March 30, 2013

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Badiou: the Paris Commune (from Polemics) In his discussion of the Paris Commune in Polemics, Badiou considers the Paris Commune as an evental site, a new being in the world that has made itself (a new being that has made itself in the world). From Marxism-Leninism-Maoism comes a reading of the Commune that poses the question of the relation of the party to the state. Badiou faults Marx's reading for its continued attachment to the state. Even as Marx (and later Engels) recognizes that the Commune smashes the bourgeois state, they nonetheless criticize it for failing to be statist enough. To me his critique can be rendered as a criticism of state fetishism: I know the Commune is not a state, nevertheless I believe it is a state. And, indeed, Badiou refers to the party as a 'mental schema.' Badiou's goal is to provide a different Commune, one that is not reduced to the fetishistism of the classical reading. Fetishistic disavowal gives a particular form to the communist party (proletarian party, social democratic party). On the one hand, it understands itself as premised on the destruction of the state. To this extent, it remains outside it. It's position is exterior to the state, aimed toward it only to destroy it. On the other hand, "the party is also the organizer of a centralized, disciplined capacity that is entirely bent on taking state power." It asserts what it denies, giving itself form as that what it would replace. We could perhaps also say that the state persists...
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Camatte: Origin and Function of the Party Form (excerpts) The proletariat tends to oppose its own Gemeinwesen, the human being, to the capitalist one, the oppressive state. It has to expropriate this being to realize this real opposition. It can only do so if it organizes in a party. This is the representation of its being, its prefiguration. The whole life of the class, thus the party, is dominated by the movement for the appropriation of this being. Here the consciousness of the mission of the proletariat is expressed specifically as the appropriation of human nature. ... The party thus represents the Gemeinwesen. It cannot be defined by bureaucratic rules, but only by its existence, and the party's existence is its programme, the prefiguration of communist society, of the liberated and conscious human species. The corollary is that the revolution is not a question of forms of organization. It depends on the programme. Only one proved, that the party form is the one most suited to represent and to defend the programme. The organizational rules in this case are not adopted from bourgeois society, but derive from the vision of future society, as we shall show. Marx derived the orginality of the party from the proletariat's struggle. From the start the proletariat manifested itself an a new Gemeinwesen, it manifested the goal it tended to - a society without private property but with property of the species instead... ... An important characteristic of the party is derived from that, from the fact that it is the prefiguration of the...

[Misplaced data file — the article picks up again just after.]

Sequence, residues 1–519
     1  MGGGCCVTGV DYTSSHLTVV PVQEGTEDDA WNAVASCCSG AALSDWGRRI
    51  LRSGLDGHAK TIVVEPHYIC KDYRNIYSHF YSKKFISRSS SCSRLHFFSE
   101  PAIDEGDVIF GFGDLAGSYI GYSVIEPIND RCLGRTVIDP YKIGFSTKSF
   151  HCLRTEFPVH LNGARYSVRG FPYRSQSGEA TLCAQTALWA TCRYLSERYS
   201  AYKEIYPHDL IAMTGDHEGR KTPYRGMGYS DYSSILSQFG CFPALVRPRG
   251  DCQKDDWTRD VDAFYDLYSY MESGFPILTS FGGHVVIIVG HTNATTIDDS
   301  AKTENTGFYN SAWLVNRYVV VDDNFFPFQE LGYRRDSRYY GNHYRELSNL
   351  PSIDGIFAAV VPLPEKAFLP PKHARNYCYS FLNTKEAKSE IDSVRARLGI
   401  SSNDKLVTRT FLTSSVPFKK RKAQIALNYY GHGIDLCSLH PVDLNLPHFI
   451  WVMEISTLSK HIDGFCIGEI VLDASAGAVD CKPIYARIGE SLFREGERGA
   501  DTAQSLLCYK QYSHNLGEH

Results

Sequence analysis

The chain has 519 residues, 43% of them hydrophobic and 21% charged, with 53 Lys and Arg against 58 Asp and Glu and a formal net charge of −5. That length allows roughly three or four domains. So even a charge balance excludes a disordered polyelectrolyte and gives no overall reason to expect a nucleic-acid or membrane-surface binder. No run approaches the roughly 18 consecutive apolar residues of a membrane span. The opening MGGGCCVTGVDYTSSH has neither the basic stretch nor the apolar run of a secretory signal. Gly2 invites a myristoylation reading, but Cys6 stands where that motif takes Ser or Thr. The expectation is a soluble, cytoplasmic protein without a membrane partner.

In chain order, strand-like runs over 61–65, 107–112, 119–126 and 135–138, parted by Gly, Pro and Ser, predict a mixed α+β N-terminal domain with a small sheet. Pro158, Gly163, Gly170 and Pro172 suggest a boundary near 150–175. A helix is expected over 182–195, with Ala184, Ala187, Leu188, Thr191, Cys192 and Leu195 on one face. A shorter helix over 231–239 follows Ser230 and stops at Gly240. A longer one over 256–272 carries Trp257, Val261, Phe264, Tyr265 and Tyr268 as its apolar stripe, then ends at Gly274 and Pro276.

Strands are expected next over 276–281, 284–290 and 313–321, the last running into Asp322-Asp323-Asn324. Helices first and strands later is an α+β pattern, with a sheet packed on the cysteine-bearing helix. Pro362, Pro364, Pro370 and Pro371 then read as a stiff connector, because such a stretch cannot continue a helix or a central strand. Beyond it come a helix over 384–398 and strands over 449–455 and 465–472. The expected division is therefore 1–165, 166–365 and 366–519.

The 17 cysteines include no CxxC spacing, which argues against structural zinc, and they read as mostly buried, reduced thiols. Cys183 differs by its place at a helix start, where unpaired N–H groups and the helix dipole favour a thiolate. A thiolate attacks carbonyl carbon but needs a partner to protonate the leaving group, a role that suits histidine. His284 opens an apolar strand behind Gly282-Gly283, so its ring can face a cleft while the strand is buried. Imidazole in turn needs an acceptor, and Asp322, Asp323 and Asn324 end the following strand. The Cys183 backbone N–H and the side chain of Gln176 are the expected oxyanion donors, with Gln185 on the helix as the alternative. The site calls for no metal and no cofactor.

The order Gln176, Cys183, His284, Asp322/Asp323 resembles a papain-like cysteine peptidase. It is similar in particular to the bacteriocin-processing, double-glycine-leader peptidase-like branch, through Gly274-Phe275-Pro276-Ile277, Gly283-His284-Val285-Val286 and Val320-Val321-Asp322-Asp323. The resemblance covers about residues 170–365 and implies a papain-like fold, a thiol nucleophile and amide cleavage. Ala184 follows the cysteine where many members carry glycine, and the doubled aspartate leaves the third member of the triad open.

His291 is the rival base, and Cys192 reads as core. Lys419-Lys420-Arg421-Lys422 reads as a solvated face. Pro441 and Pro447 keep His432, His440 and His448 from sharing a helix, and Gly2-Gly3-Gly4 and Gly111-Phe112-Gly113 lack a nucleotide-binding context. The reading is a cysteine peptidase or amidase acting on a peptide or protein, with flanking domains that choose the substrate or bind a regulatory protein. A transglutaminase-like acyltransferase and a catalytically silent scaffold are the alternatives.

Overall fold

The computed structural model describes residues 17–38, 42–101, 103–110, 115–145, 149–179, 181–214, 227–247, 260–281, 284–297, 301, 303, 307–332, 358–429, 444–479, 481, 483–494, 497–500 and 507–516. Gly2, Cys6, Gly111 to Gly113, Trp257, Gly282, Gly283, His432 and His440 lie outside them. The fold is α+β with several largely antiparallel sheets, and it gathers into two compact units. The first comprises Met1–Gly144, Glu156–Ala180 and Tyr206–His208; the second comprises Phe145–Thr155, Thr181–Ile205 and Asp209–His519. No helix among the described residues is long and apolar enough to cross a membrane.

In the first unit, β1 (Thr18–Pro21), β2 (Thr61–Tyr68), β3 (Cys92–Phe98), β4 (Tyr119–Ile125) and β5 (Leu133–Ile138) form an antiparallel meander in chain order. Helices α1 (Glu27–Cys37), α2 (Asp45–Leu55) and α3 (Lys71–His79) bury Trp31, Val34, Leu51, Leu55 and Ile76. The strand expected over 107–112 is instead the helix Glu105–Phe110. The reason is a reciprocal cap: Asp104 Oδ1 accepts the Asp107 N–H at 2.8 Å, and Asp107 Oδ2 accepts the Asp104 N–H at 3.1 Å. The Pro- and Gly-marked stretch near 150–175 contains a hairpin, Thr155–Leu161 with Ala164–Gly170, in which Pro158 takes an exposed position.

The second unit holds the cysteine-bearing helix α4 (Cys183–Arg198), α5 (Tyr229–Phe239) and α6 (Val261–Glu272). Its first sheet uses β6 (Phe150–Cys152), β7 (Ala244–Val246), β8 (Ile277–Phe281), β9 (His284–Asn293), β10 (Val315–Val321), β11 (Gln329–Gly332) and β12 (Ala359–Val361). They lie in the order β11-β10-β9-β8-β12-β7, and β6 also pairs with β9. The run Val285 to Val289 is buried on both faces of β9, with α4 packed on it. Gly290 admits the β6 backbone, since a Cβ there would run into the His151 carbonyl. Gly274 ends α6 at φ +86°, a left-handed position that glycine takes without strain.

Jodi Dean

Jodi Dean is a political theorist.

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